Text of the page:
By Rebecca Flannery
The Humane Society of Central Texas is in the process of a $2 million renovation project that will help the organization attain its goal of becoming a “no kill” shelter.
Wiley Stem III, assistant city manager, oversees the shelter and said the building is in need of renovations to make it a clean, livable place for animals sheltered there. The objective of becoming a “no kill” shelter requires this renovation, Stem said.
“The kennels are probably fifty years old,” Stem said. “There are cracks in the concrete which makes them hard to clean and keep the animals healthy and alive. Our goal is to get our live exits to 90 percent or better.”
Stem said animal rights groups define under 10 percent of euthanized animals as the standard for a ‘no kill’ shelter. This allows for a reasonable margin of animals that arrive already sick or old.
When the shelter was created, Stem said about 40 percent of the animals coming into the shelter left it alive. Now, the shelter is at 83 percent live exits.
“Some shelters are mandated to accept all animals brought to them, and the Humane Society believes there must be at least one animal shelter in every community that operates under this philosophy,” according to the national Humane Society website. “Ending the euthanasia of homeless animals is a goal that all animal welfare organizations share.”
Dori Helm, communications administrator for the city of Waco, said the facility will remain at 2032 Circle Road and expansions and renovations to the current building will be made to accommodate their goal.
A fundraising committee consisting of eight community members and city officials have signed on to the project in order to raise the money needed within the next six months, Helm said. An anonymous private donor has provided $100,000 of the cost so far.
“We’re creating a vet clinic within the facility and plan to employ a full-time veterinarian,” Stem said. “We’re adding about 40 kennels and an expanded laundry room as well as a dedicated puppy house and cat area.”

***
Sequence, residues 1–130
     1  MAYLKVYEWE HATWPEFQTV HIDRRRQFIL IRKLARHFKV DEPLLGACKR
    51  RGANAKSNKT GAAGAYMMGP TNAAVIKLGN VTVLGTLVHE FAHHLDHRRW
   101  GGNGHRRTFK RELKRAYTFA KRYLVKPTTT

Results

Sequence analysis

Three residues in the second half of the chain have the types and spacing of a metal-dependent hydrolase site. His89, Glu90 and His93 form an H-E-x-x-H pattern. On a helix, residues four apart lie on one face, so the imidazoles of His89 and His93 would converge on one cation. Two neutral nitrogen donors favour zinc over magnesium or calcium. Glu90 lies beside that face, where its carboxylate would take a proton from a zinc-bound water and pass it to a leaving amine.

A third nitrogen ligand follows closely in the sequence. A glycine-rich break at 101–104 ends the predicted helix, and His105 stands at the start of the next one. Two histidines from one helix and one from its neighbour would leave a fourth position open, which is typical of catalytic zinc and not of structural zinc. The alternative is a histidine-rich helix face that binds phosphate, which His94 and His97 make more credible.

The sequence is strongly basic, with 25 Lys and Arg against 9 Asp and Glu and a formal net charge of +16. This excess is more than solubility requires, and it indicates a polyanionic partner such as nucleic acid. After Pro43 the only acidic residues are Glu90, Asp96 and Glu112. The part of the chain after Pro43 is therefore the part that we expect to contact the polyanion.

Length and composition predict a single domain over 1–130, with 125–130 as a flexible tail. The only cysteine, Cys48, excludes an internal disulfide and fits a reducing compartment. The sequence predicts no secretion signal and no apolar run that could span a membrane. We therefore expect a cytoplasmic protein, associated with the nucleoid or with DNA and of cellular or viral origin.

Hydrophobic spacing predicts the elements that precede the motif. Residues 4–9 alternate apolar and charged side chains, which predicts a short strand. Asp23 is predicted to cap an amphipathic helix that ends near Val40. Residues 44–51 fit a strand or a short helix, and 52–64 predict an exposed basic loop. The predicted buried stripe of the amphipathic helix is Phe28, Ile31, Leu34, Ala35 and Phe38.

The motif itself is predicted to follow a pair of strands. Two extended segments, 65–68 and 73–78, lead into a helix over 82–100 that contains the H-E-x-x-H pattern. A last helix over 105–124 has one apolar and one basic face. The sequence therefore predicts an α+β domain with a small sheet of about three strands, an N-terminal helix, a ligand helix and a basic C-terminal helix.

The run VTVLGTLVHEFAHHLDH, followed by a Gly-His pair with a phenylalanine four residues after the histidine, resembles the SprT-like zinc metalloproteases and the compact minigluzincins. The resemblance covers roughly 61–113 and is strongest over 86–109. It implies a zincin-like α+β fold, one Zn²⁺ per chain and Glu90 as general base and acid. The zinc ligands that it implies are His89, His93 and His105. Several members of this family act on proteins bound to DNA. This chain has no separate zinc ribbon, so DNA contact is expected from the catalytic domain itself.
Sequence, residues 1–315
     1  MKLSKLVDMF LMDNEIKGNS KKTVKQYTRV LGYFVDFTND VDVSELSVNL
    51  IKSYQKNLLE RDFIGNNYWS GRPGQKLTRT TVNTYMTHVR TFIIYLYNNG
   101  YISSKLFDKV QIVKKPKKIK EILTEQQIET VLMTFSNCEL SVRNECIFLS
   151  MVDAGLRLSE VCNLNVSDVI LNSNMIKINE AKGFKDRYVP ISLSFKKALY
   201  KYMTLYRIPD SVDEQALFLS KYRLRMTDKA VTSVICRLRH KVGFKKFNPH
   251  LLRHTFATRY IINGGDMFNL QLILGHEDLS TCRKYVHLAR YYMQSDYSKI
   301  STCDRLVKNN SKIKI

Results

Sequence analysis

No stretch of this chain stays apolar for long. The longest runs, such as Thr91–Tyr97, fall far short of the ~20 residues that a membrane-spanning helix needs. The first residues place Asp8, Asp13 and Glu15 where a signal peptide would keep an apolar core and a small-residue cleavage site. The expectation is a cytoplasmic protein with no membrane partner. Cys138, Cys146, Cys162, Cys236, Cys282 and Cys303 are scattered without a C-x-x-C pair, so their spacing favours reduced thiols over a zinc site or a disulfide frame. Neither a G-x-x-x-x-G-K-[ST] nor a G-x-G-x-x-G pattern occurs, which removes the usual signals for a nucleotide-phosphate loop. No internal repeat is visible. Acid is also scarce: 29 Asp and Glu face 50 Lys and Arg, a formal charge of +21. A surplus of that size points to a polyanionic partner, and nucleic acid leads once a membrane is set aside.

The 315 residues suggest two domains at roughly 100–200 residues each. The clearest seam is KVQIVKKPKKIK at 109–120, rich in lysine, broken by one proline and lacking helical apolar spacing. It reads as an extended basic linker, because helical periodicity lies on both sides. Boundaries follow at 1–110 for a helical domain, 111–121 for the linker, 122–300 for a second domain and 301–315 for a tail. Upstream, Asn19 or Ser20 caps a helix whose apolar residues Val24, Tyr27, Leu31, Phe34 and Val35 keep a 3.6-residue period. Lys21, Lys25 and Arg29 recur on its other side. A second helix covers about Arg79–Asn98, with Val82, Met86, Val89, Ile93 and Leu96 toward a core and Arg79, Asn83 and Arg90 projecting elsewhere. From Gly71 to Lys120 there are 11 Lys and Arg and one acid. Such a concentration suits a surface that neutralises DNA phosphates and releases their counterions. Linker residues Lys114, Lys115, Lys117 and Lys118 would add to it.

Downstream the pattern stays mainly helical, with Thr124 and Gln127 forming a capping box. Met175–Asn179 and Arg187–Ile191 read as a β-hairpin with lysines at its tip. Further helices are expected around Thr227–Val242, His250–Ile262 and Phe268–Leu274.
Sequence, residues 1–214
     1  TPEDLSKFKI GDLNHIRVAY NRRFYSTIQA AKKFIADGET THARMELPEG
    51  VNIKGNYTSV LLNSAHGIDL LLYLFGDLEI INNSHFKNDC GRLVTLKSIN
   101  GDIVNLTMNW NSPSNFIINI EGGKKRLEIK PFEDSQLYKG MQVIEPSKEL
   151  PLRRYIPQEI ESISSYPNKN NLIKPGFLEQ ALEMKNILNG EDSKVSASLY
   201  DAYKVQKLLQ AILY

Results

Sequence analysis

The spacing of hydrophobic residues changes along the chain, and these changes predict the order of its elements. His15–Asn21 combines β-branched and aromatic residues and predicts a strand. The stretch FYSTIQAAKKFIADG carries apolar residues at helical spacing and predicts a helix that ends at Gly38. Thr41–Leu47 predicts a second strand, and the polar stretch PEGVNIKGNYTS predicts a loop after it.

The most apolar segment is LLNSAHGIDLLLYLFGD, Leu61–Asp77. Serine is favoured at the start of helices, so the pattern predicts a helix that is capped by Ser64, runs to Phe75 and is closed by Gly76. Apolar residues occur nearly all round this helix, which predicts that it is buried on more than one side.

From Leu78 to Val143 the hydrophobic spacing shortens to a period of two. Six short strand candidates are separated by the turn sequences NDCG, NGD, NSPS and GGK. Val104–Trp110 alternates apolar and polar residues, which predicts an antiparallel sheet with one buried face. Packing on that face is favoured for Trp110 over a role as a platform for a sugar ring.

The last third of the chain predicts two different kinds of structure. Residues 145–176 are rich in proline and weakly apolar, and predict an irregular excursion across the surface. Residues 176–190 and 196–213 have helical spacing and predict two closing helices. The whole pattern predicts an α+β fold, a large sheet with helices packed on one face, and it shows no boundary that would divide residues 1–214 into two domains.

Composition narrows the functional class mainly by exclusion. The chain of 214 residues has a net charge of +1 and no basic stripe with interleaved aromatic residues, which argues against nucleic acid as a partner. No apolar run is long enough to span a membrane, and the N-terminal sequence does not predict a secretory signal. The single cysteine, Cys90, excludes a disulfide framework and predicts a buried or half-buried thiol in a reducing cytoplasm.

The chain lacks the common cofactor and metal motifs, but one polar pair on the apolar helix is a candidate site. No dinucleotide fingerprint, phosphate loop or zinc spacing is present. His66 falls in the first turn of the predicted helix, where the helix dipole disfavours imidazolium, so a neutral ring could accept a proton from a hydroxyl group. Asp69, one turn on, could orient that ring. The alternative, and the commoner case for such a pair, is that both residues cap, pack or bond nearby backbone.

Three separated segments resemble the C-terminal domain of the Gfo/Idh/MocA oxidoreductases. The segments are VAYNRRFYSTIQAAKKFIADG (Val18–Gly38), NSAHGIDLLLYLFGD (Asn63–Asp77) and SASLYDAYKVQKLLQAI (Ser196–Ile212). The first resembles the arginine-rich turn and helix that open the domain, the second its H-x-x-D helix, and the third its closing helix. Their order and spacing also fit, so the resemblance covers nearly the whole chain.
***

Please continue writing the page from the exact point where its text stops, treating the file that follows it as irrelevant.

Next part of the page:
Funds to help those foster homes for animals were also taken into consideration for the project’s cost.
“The members of the committee have been reaching out to their respective communities to help with donations” Helm said. “By the end of March we want to have enough money to break ground. We want to get the project going as fast as possible.”
William “Bill” Nesbitt, a fundraising committee member, said he has been working with four local foundations about the possibility of contributing to the shelter, including the Waco Foundation and The Bernard & Audre Rapoport Foundation. Contributions are also being made by community members at the website wacoanimalshelter.com.
“The three main facets of creating a better program for animals in the area is more adoptions, access to spay and neutering capabilities and a more efficient facility to shelter animals,” Nesbitt said.
The shelter is in the process of becoming an animal intake area for 15 out of the 20 McLennan county cities, Stem said, making it another reason to make expansions to the shelter.
“Animals don’t have to die because we simply don’t have the space or an active adoption program,” Nesbitt said.